Adam: What do you recommend organizations do to protect their machine identities?
Tal: Venafi developed an eight-step framework that aims to protect the availability of TLS machine identities by ending certificate-related outages. The approach, which is based on a deep understanding of all the components needed to achieve this outcome, is VIA Venafi, the Venafi Way. VIA Venafi is founded on technology invented by Venafi that delivers the Visibility, Intelligence and Automation necessary to stop outages.
There is plenty information on the web on how to implement this framework, but I will touch on the very first step: the need to establish an Outage Safety Net.
If your organization has been hit by certificate-related outages, the first thing to do is “stop the bleeding.” Unfortunately, machine identity owners frequently don’t understand the certificate renewal process and can be caught unprepared by sudden outages. Although information security teams cannot stop outages by themselves, they can identify certificates that are about to expire by using the Venafi Platform. The InfoSec team can then create an outage safety net to alert critical parts of the organization about impending outages. An effective outage warning system notifies organizational leaders rather than trying to track down individual owners of certificates. It builds executive awareness of impending outages and promotes action before sites, services and applications are crippled.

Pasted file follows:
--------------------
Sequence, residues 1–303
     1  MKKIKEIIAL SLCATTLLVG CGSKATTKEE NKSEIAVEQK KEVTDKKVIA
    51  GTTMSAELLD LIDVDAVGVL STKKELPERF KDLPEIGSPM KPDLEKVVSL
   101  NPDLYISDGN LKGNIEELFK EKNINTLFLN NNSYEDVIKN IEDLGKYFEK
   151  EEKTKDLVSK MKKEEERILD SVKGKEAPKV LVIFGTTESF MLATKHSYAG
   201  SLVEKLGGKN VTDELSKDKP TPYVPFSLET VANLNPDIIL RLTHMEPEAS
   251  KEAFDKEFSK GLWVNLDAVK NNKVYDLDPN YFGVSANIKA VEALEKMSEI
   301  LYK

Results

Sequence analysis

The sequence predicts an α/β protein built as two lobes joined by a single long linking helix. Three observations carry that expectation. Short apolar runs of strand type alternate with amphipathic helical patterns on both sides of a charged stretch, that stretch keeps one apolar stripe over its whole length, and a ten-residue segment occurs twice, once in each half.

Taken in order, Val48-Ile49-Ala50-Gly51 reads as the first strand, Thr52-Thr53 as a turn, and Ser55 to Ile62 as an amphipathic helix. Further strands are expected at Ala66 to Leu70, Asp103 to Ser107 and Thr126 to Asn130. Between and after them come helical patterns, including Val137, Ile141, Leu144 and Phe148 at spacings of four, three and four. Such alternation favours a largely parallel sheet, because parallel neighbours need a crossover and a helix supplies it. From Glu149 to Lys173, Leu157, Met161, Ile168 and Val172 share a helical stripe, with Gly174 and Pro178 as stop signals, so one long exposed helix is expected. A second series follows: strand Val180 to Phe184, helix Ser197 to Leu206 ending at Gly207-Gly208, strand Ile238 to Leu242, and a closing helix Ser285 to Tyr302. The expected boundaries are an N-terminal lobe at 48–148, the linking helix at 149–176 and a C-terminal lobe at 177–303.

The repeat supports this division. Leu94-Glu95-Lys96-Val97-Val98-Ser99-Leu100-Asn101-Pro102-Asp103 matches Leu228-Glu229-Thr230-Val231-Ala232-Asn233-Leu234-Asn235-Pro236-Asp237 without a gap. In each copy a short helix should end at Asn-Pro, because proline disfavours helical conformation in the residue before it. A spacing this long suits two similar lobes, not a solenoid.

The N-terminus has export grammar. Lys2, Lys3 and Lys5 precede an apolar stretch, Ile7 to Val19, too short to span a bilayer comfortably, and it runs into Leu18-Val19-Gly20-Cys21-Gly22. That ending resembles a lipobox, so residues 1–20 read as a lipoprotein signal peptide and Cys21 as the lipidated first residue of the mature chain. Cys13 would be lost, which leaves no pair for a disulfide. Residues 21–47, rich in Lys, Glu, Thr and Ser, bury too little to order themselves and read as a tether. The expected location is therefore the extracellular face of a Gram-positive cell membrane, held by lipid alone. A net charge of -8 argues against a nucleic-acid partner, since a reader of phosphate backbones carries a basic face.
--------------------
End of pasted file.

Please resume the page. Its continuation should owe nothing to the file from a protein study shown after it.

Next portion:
Adam: What are the big digital transformation trends taking place in the next few years?
Tal: A lot is going on from the application architecture to the network infrastructure standpoints. We keep pushing computation processes to the cloud. The corporate security perimeter is not associated with big firewalls or routers anymore, but with every application we expose to the world, with every employee and their machine accessing the corporate data. With the zero-trust security model, we constantly validate and authorize access to those resources. Yet, security incidents happen to companies of any size, and it primarily starts with the weakest link — impersonated users and machines.
It is easy to imagine a multi-factor authentication model and the certificate being deployed on the Load Balancer or a Web server. But what about implementing machine identities to a cluster of microservices, or serverless applications, or to applications that are spread across multiple cloud environments?
I think in the coming years, we will spend more resources to improve how we handle and govern user and machine identities. We will focus more on the goals to automate identity management because in the digital transformation era, security starts with identity.
Adam: What was the first computer you owned?
Tal: In the early 1990s, I worked on an IBM PC. I think back in the days, this computer was already five or six years old, but was still performing well for WordPerfect and Pascal programming. It was already connected to the university network and ran some SPSS statistical applications. I remember the 5-inch floppy drives we used to boot this PC and the funny noises it made. I remember the occasion I needed to deal with DIR-II virus (the great-grandfather of ransomware) … the good old days…